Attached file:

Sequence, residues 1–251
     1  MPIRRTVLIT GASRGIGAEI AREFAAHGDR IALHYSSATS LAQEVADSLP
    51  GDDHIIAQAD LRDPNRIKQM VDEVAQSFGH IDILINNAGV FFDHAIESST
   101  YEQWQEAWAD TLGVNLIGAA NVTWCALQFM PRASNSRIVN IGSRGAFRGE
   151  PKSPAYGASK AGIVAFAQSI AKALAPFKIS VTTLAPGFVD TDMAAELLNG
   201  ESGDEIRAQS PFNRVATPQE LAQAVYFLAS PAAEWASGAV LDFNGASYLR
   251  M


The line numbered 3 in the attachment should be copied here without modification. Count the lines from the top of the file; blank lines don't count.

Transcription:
    51  GDDHIIAQAD LRDPNRIKQM VDEVAQSFGH IDILINNAGV FFDHAIESST